Ultimately, from the more psychological perspective, the connections are pretty explicit. I'm a meticulous sort at heart, someone who needs to understand everything he can and savors spontaneity only so long as it doesn't surprise him too much. Is there anything more surprising than discovering an alien creature right next to you, where one never was before? That's the effect of dark water -- nothing can be seen coming until it's already close, and it can come from literally any direction. The Y axis enters the picture in a big way underwater. Of course, what's most interesting to me about this fear is that the terror is not contained in the creature, be it whale, squid or Dread Cthulhu. The creature involved only actualizes the terror, forcing me to acknowledge it. No, the persistent, inescapable fear, the real psychological consideration, is me, in that deep, dark water, waiting. And given that environment, that solitude, who's to say what I even am to myself? Who am I, that alone? Identity is lost so completely, even crying out may do no good to remind me that I am still there.

These waters deep enough for you? Watch out for the Colossal Squid.

01 May 2008


Yesterday was my second and final day of filming on The Compleat Victrola Sessions (see 4/28/08 for my first and introductory). This time we were in The Miller Theatre, just off the glorious Columbia University main campus at 116th Street, which was something of an improvement in location over the last shoot I attended, at least in hygiene if not general character.

Some of the excitement of doing background work had worn off for me by yesterday, but it was still a little thrill to consider showing up in a silent film. Our focus was on filming audience reactions most of the day, so fifteen-odd of we few (we lucky few, we band of extras) sat in a convincing spread of seats in different arrangements, representing two different nights of a live musical performance, as well as one audience watching a movie. Thereafter, we had a good hour break, and on our return we filmed a sequence that took place just outside the dressing rooms of two of the featured characters.

The audience work was rather dull, for the most part. You can imagine. We sat and, on cue, looked intently at a particular position on stage. It would have been an interesting exercise, were it not for its complete lack of interest. Still, I tried to make the best of it, thinking to myself all the while that this must be what it's like to act with a green screen. What was most interesting about this, in fact, was the fact that our crowd included some Italians. I don't know why they in particular were there exactly; I think they were someone's friends, visiting the country. They all spoke very good English, but naturally opted for their native tongue most of the time. It was difficult for me not to try to join in, but I kept getting images of them either becoming impatient with my relative ignorance, or slowing things down to a crawl in order to accommodate me; I couldn't decide which would be worst.
I brought two outfits for the day, plus my Lloyd-esque glasses in the hopes that there'd be a chance to use them. The first outfit was my evening wear which, in spite of costing me a pretty penny, was almost as motley an assortment as The Tramp's genesis-wardrobe. That morning I realized I had forgotten to get studs for the tuxedo shirt I bought, and began frantically sewing the smallest black buttons I could find together. They were still too big, so I had to nip the ends of the surging on my outer button holes. The "waiter's jacket" I had (imagine a tailored look on top, as with tails, sans tails) just barely covered the buttons holding my suspenders to my pants. This was important, because those buttons are still miniature grinning skulls, a remnant of a costume for a show from years ago. The suspenders themselves were some clever costumer's trick, made as they were of restitched, patterned neckties. My tie was a bow tie, the real kind, and I felt confident with my Internet instructions for tying it. This effort predominated my preparations once at the location, and I never really got it right. Still and all, I was proud. Once hat, gloves and cane were added, the effect was distinct and good. Held together with scotch tape, but solid-looking.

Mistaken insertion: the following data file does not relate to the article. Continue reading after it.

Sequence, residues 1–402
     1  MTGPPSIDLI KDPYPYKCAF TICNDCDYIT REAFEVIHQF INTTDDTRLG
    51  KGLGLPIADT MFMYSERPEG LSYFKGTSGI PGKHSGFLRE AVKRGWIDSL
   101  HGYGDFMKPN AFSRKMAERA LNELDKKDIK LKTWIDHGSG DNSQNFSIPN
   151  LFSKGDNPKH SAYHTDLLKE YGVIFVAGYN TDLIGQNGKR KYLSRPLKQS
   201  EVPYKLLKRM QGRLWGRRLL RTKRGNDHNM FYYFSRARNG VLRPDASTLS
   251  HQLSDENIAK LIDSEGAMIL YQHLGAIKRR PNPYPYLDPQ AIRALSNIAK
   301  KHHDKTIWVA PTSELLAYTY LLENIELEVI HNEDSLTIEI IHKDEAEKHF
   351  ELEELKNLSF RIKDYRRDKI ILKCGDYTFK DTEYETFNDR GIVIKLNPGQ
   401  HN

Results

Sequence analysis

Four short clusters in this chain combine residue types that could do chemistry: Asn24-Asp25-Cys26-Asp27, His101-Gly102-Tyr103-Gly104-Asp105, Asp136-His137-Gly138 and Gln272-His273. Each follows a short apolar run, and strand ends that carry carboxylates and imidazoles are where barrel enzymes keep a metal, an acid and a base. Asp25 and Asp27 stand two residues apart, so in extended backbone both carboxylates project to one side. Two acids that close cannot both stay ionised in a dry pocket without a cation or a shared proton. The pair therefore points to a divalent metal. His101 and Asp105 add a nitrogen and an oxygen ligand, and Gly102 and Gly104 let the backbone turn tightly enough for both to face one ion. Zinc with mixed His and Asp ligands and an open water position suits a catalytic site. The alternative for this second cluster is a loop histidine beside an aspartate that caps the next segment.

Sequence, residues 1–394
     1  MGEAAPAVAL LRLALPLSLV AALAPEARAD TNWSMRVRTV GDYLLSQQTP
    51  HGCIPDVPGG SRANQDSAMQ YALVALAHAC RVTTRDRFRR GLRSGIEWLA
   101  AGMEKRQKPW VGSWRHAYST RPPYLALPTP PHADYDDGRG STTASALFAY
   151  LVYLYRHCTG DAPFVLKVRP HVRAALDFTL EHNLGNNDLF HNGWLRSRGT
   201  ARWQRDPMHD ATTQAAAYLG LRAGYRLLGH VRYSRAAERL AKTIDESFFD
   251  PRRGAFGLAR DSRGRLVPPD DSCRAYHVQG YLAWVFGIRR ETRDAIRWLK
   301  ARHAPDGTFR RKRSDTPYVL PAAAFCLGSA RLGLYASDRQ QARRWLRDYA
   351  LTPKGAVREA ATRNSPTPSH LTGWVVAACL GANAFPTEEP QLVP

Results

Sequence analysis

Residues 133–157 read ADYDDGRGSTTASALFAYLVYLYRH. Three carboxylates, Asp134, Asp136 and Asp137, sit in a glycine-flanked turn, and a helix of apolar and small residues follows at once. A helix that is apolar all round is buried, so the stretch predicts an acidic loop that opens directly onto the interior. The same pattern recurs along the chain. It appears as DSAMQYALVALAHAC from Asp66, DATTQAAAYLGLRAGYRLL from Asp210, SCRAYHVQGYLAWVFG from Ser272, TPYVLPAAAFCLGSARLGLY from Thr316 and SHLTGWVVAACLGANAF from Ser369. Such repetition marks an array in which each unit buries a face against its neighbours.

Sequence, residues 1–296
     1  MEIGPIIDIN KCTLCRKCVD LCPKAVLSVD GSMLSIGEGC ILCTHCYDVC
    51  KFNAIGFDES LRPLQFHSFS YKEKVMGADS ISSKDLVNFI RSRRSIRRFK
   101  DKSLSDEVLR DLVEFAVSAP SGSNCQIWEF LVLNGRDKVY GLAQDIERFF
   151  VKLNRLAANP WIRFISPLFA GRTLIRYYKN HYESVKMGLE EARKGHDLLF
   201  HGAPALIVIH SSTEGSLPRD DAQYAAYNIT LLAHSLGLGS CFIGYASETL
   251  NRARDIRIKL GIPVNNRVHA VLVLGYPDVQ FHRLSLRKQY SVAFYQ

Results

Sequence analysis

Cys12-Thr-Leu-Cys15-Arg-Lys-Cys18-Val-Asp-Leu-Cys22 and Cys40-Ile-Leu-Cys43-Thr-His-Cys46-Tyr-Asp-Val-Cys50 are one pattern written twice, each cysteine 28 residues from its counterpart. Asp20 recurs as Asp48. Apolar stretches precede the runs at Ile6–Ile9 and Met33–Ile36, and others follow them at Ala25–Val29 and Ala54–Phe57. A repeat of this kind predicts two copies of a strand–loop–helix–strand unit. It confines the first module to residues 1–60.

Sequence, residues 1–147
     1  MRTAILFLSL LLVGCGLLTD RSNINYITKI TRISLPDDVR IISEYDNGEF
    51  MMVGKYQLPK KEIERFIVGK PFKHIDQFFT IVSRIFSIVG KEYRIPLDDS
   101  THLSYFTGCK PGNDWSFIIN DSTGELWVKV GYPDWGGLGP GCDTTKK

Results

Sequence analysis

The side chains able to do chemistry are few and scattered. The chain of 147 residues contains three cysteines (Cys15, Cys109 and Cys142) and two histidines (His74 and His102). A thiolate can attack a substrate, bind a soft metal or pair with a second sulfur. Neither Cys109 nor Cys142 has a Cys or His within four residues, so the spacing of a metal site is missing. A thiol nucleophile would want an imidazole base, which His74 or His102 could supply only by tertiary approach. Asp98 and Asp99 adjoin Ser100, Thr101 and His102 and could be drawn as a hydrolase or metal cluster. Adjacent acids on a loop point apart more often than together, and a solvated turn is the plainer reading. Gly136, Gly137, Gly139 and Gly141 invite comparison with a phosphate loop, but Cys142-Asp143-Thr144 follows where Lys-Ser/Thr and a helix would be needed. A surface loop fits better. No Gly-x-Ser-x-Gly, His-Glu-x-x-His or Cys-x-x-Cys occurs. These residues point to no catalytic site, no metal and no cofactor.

For the movie scene, I traded the jacket for a standard black sport one, removed the tie and donned my Lloyd glasses. This prompted the director to exclaim that I was a "man of 1,000 looks" as she referenced how different I was from my bartender on day one. I'll admit I was proud of this, too, bringing to mind as it did memories of Lon Chaney (Sr.). After a little while, however, I remembered me that this was film, a medium within which most actors consider it career suicide to change their look too drastically. Gary Oldman, as always, my hat flies effortlessly from my brow to you, good sir.

Funny story: In the movie-theatre scene, my glasses will not be noticeable. Largely this is because I look to be sucking face with someone sitting next to me. I play one-half of the couple that makes the feature couple feel alternately randy and awkward. I am not, however, actually sucking face. The director favored making the process "PG-13," and so asked me to feign smooching by placing my distant hand between our mouths. Yes. She did. Ah, movie magic! I could have taken the time to explain that this was, in fact, much more awkward than making out with a stranger, but it would have taken time (the most precious commodity in film, it seems) and possibly made me out to be a perv. So the fingertips of my right hand got some serious play that day.

The day also served to demonstrate for me that a film set is far more fertile ground for personal drama and diva tactics than even a theatre (I wish I could account for opera in this scale, but I lack experience [come to think, we were in a theatre this day...maybe that added? {whatever.}]). In film, if you're on the main crew or a featured player, you are nigh-literally living with the same people day in and day out, slavishly devoting your schedule to the sake of the film itself. If you're on location, you don't even "go home" at the end of the sometimes-18-hour day. It's far more intense in this regard than theatre, even a gig that may be out of town. Never mind that much of the time is spent "doing nothing"; it's an environment of hurry-up-and-wait. It is one intense, prolonged tech day, is what it is. Amazing anything gets done, and amazing no one gets killed in the process.

My last duty within this environment was to play an adoring fan of Ms. Rebecca Cherry's character, awaiting her exit from her dressing room. It was back into the evening wear for this. I was to hand her a bunch of flowers, then remain to be crowd as other things happened. The final thing to happen was for one character to assault another and take her away. This was my moment to shine, where my expertise with all things physical would hold sway and help to pave my way into film infamy. I eagerly leapt into the discussion of choreography.

It ended up being a shove. My job was to catch the shoved one and transplant him safely to the floor, making it look like he had simply fallen into me, taking us both down. I did it about half a dozen times. But hey: I did it without yawning. And hey again: People were very impressed with the job I did. Catching a guy who was a foot away from me six times in a row without dropping him? Wow. I must work out.

I must make my own silent film.